Despite the name, Pacific Northwest Merlins also show up on the East Coast due to their preference for coastal regions. However, I recommend keeping an eye out for all types – their unpredictable range means you could be surprised with a rare morph!


With so many different morphs, it’s no mystery the merlin has a pretty impressive range. This falcon is comfortable with coastlines, forest edges, shrubby fields, marshes, and prairies.

While they’ll sometimes visit treetops, their prime habitat is an open space with plenty of room to fly. Expect to see these compact falcon species most commonly during spring and summer, though some will stick around all year long.


Similar to peregrine falcons, merlins also prefer to hunt other bird species. They’re an avid hunter of songbirds but occasionally will switch to insects, bats, or reptiles.

Their tendency to go after birds earned them the nickname ‘pigeon hawk‘.


I often hear this bird’s call described as a cackle, which is just perfect. These birds let out chatty and shrill kek-kek-keks that sometimes end in chattering trills.

Fun Fact

Merlins are graceful birds that will switch up their hunting style to increase their chances of success. Sometimes they’ll dive-bomb, while other times they’ll glide low to the ground before striking their prey.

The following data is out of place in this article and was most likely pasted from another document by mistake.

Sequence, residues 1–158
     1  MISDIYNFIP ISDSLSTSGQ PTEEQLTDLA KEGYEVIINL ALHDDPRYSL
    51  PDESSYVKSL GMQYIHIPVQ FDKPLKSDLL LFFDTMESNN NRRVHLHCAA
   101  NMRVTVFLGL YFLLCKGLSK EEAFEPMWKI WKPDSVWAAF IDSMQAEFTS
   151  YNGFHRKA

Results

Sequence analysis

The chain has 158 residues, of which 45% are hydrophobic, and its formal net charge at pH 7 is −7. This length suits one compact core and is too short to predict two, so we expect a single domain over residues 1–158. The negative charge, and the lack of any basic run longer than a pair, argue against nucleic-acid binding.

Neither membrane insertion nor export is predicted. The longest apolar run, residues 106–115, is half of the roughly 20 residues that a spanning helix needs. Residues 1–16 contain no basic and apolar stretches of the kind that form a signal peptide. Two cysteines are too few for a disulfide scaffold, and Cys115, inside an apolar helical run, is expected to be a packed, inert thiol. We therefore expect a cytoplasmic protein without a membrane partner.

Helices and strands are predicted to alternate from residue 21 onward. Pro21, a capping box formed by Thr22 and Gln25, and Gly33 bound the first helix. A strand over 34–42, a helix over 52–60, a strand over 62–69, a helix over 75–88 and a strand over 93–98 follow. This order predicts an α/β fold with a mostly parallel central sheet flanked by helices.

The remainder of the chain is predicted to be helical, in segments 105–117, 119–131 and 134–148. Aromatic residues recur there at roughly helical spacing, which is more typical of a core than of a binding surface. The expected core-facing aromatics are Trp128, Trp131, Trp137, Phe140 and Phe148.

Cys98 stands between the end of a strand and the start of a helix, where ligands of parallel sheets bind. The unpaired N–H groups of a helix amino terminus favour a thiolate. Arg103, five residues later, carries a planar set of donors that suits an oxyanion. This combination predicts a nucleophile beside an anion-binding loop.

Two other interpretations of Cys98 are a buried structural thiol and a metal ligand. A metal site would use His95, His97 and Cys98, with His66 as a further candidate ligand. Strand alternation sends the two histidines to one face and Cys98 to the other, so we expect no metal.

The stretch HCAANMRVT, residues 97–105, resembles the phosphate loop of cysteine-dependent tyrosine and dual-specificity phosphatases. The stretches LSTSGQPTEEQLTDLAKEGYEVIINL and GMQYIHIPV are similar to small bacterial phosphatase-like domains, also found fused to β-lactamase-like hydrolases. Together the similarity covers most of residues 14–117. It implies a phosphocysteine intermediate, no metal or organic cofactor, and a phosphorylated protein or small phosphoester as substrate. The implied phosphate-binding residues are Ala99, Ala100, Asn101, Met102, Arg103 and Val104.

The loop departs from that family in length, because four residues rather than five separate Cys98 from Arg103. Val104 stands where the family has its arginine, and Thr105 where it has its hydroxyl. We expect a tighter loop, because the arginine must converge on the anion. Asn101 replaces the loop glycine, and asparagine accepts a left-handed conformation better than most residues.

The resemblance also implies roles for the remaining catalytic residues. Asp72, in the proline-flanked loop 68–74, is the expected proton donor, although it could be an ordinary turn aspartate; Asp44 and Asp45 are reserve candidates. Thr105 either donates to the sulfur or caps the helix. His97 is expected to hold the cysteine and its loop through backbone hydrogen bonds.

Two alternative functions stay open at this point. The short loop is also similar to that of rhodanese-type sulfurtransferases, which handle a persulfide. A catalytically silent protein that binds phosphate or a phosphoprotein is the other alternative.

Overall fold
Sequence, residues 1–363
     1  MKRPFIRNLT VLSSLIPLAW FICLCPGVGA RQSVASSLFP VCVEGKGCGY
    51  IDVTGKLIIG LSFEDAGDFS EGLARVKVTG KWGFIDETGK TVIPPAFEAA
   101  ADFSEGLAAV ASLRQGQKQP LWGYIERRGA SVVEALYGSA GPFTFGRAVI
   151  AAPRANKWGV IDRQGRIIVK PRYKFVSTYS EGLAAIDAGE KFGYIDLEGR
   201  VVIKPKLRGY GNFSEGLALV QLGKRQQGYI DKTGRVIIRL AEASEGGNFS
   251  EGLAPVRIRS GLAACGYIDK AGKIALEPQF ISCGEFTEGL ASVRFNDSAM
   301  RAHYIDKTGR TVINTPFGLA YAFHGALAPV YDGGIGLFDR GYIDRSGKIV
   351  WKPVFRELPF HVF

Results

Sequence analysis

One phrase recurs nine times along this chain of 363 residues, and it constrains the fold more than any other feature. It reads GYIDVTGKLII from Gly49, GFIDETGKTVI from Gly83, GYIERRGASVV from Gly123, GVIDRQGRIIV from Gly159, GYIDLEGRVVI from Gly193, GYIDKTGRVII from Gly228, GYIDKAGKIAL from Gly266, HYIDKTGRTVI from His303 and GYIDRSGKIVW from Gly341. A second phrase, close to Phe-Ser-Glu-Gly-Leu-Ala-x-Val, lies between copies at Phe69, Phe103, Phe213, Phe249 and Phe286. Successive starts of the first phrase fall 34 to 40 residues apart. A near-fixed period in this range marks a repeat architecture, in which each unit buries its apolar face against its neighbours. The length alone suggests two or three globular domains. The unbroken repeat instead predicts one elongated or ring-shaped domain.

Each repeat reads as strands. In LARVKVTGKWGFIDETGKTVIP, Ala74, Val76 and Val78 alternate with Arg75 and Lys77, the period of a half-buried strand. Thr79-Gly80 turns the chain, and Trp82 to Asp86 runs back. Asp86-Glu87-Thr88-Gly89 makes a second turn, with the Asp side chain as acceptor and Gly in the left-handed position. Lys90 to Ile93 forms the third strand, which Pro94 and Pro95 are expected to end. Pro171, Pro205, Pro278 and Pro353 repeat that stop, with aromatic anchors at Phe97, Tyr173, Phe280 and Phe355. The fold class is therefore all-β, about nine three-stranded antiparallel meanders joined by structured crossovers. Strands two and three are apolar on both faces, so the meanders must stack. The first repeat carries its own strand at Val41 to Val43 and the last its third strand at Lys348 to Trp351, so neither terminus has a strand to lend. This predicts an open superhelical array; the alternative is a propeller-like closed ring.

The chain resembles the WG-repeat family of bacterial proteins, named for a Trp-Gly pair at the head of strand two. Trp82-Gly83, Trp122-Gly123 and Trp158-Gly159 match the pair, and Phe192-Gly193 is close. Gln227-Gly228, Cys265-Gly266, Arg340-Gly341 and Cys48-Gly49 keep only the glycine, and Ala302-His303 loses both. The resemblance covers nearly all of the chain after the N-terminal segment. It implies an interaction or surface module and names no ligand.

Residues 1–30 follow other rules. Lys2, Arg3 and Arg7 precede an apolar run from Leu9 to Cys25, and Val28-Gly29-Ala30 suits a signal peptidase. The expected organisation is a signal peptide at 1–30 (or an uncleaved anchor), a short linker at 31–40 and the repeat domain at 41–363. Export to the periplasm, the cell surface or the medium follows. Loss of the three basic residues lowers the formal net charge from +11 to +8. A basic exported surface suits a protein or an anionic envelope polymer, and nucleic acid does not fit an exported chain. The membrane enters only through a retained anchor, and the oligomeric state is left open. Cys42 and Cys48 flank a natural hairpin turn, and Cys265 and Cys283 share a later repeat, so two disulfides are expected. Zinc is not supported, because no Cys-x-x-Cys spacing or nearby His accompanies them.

• Species Name: Falco rusticolus
  • Weight: 1,350 to 2,100 grams
  • Length: 48 to 65 cm
  • Wingspan: 110 to 160 cm

What a sight! The massive gyrfalcon is the largest falcon and a brilliant reminder of nature’s majesty.


The gyrfalcon, similar to the merlin, comes in several distinct color morphs. However, they’re rather easy to spot due to their massive size, bulky feathers, and spiked tail.

As is standard, females are larger than males. Below are the most common morphs you should keep an eye out for:

  • Brown – a cream body and speckled stomach with dark brown wings
  • Black – a brownish-black body with a spotted stomach and spotted white head
  • White – a white body covered in dark speckles along the back and wings